“There were a couple of factors involved last month,” he says. “It perhaps happened at the very worst time of year. I know if I was an engineer and got a call to ask if I would work on Christmas Day I would want to be paid a pretty generous package and those discussions have to happen before an emergency.

“However, the real worry is that there is no slack in the system. It’s not just energy firms, it’s the same with many of the country’s infrastructure companies. They can operate just fine when all is going well, but as soon as there is a problem there is simply not enough manpower to cope.

“It was the same when we had that prolonged spell of really cold weather a few years ago. Germany measure the amount of gas it has in reserve in terms of weeks. In this country we measure it in days.

“If we are going to deal with the realities of climate change then we need to be prepared and at the moment we are not.”

It’s a view echoed by leading insurer Henderson Insurance Brokers Leeds which says that many businesses in West Yorkshire have found themselves left high and dry following the recent bad weather.

“We estimate that businesses which prepare for flooding can save up to 90 per cent of the cost of lost stock and equipment as well was making it easier to obtain insurance in the first place,” says Peter Wilkinson, group claims director. “It’s about checking the Environment Agency’s flood maps, it’s about carrying out detailed risk assessment and looking at the value of things like flood barriers.”

Prof Wright, who purposefully bought his house on the top of a hill in Harrogate, would also like to see greater public awareness about the risk of flooding.

“Flooding is a part of life. Even with all the best planning in the world it is going to happen and there’s no point pretending otherwise. Part of the problem, I think, has been the tendency to describe the worst floods in recent history as a once in a 100-year disaster. That tends to make people think that once the clean up has happened they are fine for the next 99 years. What it actually means is every year there is a one per cent chance of flooding.

“It’s also worth remembering that when the Environment Agency looks at the merits of any flood defence scheme, it will only go ahead if it can proof that for every £1 invested it will save £8 in likely clean-up and repair costs. An early scheme planned for Leeds was shelved because the figure was only £3 or £4, but that’s still a pretty high ratio.”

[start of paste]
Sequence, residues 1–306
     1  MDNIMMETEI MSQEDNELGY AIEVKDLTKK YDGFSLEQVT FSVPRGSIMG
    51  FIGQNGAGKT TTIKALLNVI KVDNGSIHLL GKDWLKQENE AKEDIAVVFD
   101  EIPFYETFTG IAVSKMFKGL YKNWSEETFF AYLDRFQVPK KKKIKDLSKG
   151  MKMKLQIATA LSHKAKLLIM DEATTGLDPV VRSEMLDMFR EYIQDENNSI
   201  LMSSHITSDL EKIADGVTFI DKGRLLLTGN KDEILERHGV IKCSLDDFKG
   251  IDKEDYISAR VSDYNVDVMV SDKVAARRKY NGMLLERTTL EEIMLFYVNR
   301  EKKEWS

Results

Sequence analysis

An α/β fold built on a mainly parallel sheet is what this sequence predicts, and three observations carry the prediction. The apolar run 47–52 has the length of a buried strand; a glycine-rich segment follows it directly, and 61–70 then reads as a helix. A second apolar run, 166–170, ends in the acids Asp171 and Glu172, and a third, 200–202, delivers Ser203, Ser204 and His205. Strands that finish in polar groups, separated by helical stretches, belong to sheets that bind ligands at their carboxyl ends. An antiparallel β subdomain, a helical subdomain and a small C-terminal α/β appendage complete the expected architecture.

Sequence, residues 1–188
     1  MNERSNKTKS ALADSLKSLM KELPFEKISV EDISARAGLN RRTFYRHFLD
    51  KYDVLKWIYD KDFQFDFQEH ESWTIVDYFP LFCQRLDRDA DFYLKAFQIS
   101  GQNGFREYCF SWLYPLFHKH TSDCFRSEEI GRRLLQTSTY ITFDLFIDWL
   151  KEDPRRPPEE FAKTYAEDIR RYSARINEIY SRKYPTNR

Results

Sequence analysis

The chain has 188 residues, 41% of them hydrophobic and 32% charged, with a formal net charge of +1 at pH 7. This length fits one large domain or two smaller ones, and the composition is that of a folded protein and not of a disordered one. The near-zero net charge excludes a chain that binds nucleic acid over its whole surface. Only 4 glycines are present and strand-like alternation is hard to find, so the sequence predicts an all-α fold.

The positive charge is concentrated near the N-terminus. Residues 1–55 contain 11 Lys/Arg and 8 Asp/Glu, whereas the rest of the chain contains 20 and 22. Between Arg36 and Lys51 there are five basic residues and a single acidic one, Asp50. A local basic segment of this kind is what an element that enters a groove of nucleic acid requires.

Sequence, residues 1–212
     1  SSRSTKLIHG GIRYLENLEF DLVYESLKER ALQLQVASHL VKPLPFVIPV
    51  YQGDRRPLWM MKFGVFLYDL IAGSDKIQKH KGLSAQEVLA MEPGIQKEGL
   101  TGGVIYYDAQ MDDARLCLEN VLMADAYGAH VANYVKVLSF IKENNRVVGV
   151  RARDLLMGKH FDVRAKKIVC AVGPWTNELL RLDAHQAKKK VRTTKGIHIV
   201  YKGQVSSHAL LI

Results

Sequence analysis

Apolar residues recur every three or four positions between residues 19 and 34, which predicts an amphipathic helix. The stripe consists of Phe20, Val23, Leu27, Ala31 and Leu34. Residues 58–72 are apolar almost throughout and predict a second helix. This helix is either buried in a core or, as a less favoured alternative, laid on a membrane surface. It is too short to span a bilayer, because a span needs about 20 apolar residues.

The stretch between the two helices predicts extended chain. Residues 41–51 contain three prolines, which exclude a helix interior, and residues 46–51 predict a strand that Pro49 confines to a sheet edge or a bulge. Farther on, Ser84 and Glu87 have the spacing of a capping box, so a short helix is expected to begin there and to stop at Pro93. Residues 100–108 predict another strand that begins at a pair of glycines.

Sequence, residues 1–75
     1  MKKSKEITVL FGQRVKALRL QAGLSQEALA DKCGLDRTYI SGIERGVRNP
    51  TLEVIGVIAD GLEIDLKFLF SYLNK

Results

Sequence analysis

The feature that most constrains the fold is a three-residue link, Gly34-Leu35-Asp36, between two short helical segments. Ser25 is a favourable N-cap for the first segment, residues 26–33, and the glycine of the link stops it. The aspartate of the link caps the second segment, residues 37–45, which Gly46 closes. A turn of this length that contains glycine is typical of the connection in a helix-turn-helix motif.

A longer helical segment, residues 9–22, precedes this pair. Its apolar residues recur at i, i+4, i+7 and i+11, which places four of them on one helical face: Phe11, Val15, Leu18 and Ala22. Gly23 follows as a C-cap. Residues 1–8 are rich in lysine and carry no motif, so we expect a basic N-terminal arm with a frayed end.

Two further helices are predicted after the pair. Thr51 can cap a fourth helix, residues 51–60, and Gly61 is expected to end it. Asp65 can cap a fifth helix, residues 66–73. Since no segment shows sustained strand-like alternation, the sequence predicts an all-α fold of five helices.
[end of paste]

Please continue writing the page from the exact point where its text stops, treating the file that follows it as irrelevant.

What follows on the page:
He and many others would also like to see new housing developments built without using materials like plasterboard and chipboard. The first disintegrates in water and the second swells to such a degree that even once a property has dried out, the only option is to rip it up and start again.

While climate change sceptics are unlikely to be silenced by David Cameron and dismiss all reports which describe global warming as a man-made problem as inaccurate or misleading, according to Prof Wilkinson the evidence is now overwhelming.

“I’m a scientist, I deal in facts and I just don’t see how you can ignore the realities of climate change. Every day there is a minor disaster somewhere. Eight houses flooding in Leeds isn’t necessarily big news, but it happens and it’s all part of a much wider problem.

“We are certainly seeing more extreme weather patterns. The actual annual rainfall levels may remain broadly the same, but we get more intense storms and more extended periods of very dry weather. Because those rainfall patterns have become more erratic in recent years making accurate predictions based on historical records is very difficult. We can only deal in probabilities. However, it’s a bit like cigarettes. Smoking may not kill you, but on the balance of probabilities, it’s still best to give up.”

The science of climate change

Climate refers to the average weather experienced in a region over long period, typically 30 years.

Greenhouse gases, such as carbon dioxide and methane, which are naturally found in the atmosphere, trap heat from the sun. Without them, the Earth’s temperature would be about -18C.

However, since the industrial revolution, human activity, mostly the burning of fossil fuels, has resulted in the release of large amounts of both CO2 and methane, which has enhanced the greenhouse effect and pushed up global temperatures.

Temperatures have risen by 1C and even if we could stop emitting all greenhouse gases now, they would rise by at least a further 0.6C.